When a patient’s family, caregivers, or medical providers raise ethical questions about how to best balance a patient’s needs, who helps them navigate those conversations and decisions? At the Cincinnati Children’s Hospital Medical Center, a team comprising of doctors and philosophers that all have special training in ethics is prepared to help guide those conversations, hear concerns of families and health care providers, and prepare nurses and other bedside care providers for caring for diverse patient populations ranging from young kids to legal adults.
Dr. Elizabeth Lanphier is part of this team.
As a clinical ethicist, Lanphier is on call to provide counsel about patient care decisions when ethical concerns arise from patients, family, and physicians. Dr. Lanphier addresses questions from families about why an alternate care choice may not be offered, helps doctors and families weigh risks and benefits of medical options, and may work to rectify miscommunications. Much of the time, there is no single clear answer. Lanphier recognizes that families are their own ”experts on their family“ making decisions alongside medical expertise, and provide different perspectives on the risks and benefits of various choices.
Lanphier also researches and writes about bioethics and social and political philosophy, often as it relates to medical care. In addition to being a clinical assistant professor in the Division of General and Community Pediatrics in the UC College of Medicine, Lanphier is a research assistant professor in the UC philosophy department, and affiliate faculty in the UC women, gender and sexuality studies department. In graduate school at Vanderbilt University, from which she earned her PhD in philosophy, she was interested in the intersection of medicine and philosophy, and sought out experiences related to this intersection with the Vanderbilt University Medical Center and its Center for Biomedical Ethics and Society.
Now, she uses moral philosophy to put bioethics into practice, especially as it relates to healthcare access, justice, and inclusion. Her desire to understand and serve vulnerable populations, especially those who have historically been mistreated or neglected, drives her research. Currently , Dr. Lanphier is working on the connection between trauma-informed care and ethics consultation and recently published a paper advocating for a trauma informed approach to ethics consultation with neonatologist Uchenna Anani.
Additionally, her community work during graduate school with people incarcerated on Tennessee’s death row has instilled in her research and advocacy a commitment towards the incarcerated population. Last year Lanphier along with colleauges Takunda Matose and Abu Ali Abdur’raham (who is currently incarcerated on Tennessee’s death row) published a paper in the Public Philosophy Journal. In December she advocated for incarcerated persons to be prioritized higher in Ohio’s COVID-19 vaccine allocation. The resulting opinion piece received positive feedback, including from a senator who acknowledged how much work needs to be done. While some public reactions were critical, she was thrilled that it had such a wide impact, as she always aims to reach as broad an audience as possible. She and a colleague are investigating if and how the incarcerated population can take part in studies such as the COVID-19 vaccine trials without risking the coercion or exploitation this population has historically experienced in the medical research leading to tighter research regulations on incarcerated persons and other vulnerable populations.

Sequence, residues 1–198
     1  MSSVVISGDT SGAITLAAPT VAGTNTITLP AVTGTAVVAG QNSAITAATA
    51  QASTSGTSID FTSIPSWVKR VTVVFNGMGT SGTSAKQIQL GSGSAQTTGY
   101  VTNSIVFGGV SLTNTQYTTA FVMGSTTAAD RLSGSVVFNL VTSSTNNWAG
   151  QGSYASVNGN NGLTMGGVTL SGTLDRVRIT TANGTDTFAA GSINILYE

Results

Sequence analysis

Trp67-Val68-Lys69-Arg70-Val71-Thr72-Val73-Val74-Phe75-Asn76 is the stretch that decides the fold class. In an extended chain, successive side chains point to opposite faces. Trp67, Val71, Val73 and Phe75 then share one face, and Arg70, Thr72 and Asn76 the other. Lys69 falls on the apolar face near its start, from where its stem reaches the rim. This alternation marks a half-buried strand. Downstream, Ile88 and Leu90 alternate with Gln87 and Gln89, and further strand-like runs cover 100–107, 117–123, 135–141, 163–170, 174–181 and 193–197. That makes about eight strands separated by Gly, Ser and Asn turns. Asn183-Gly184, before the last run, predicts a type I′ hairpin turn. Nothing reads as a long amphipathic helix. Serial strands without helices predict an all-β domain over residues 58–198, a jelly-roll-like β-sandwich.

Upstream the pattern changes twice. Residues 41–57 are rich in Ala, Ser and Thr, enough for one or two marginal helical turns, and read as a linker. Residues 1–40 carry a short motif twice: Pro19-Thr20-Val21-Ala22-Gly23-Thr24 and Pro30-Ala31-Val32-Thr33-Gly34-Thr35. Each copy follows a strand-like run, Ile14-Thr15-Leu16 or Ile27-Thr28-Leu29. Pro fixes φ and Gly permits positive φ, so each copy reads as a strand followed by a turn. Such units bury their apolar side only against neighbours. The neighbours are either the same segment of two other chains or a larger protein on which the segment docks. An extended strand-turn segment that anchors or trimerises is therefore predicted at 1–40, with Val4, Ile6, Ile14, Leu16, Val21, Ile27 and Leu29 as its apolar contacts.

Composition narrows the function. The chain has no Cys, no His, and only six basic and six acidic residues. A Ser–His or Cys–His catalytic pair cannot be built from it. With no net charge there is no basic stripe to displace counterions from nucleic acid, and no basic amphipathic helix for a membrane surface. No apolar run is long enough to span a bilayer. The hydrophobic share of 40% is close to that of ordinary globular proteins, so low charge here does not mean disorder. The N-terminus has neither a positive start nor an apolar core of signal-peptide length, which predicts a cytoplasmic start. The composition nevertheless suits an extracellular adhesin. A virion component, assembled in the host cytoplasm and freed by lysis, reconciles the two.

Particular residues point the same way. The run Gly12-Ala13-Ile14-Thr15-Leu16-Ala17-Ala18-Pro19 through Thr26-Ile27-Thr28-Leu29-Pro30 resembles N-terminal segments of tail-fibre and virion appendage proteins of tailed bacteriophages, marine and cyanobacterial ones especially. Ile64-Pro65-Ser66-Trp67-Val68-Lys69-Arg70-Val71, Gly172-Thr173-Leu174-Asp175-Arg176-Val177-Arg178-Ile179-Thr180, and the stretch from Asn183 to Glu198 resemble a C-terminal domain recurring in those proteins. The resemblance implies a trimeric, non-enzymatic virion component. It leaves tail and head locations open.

Trust in Science
COVID-19 has brought important questions about bioethics, healthcare access, and public confidence in medical research to the forefront. Lanphier sees medical professionals growing frustrated as the public’s trust in science deteriorates. To her, this means that clear communication and approaching medical research in a way that regains that trust is paramount. Part of this includes increasing representation of persons of color (POC) in biomedical research as researchers and participants to help increase confidence in clinical trial outcomes. As her opinion piece in the Columbus Dispatch shows, she has been considering the problem of who should have access to the COVID-19 vaccine, as it is still a limited resource. For example, healthcare workers should be offered it, because we need them to keep us healthy and they are at risk of virus exposure. Beyond that, it gets more complex. How do you designate other frontline workers? Many groups, including store workers and teachers, are needed, but by the time we include so much of the population, we are well beyond the number of available doses, though this number of available doses continues to increase. With this scarcity and the vaccine currently approved for emergency use, we are also a long way from being able to mandate receiving the vaccine for those who work with the vulnerable. She also posed the question of how to approach undocumented populations, who still play a critical role in their communities but may have limited access to healthcare, and also stressed that vaccine roll out needs to also address hesitancy.
Lanphier’s career path leading to her position on a clinical ethics team combined philosophy with practical experience and post-doctoral training working in healthcare environments. Her role mixes a theoretical, philosophical approach to broader questions with day-to-day interaction with families and care teams related to ethical concerns that come from a diversity of beliefs and backgrounds. She encourages anyone wanting to follow a similar path to seek out a wide variety of experiences and talk to others who are already established in their field.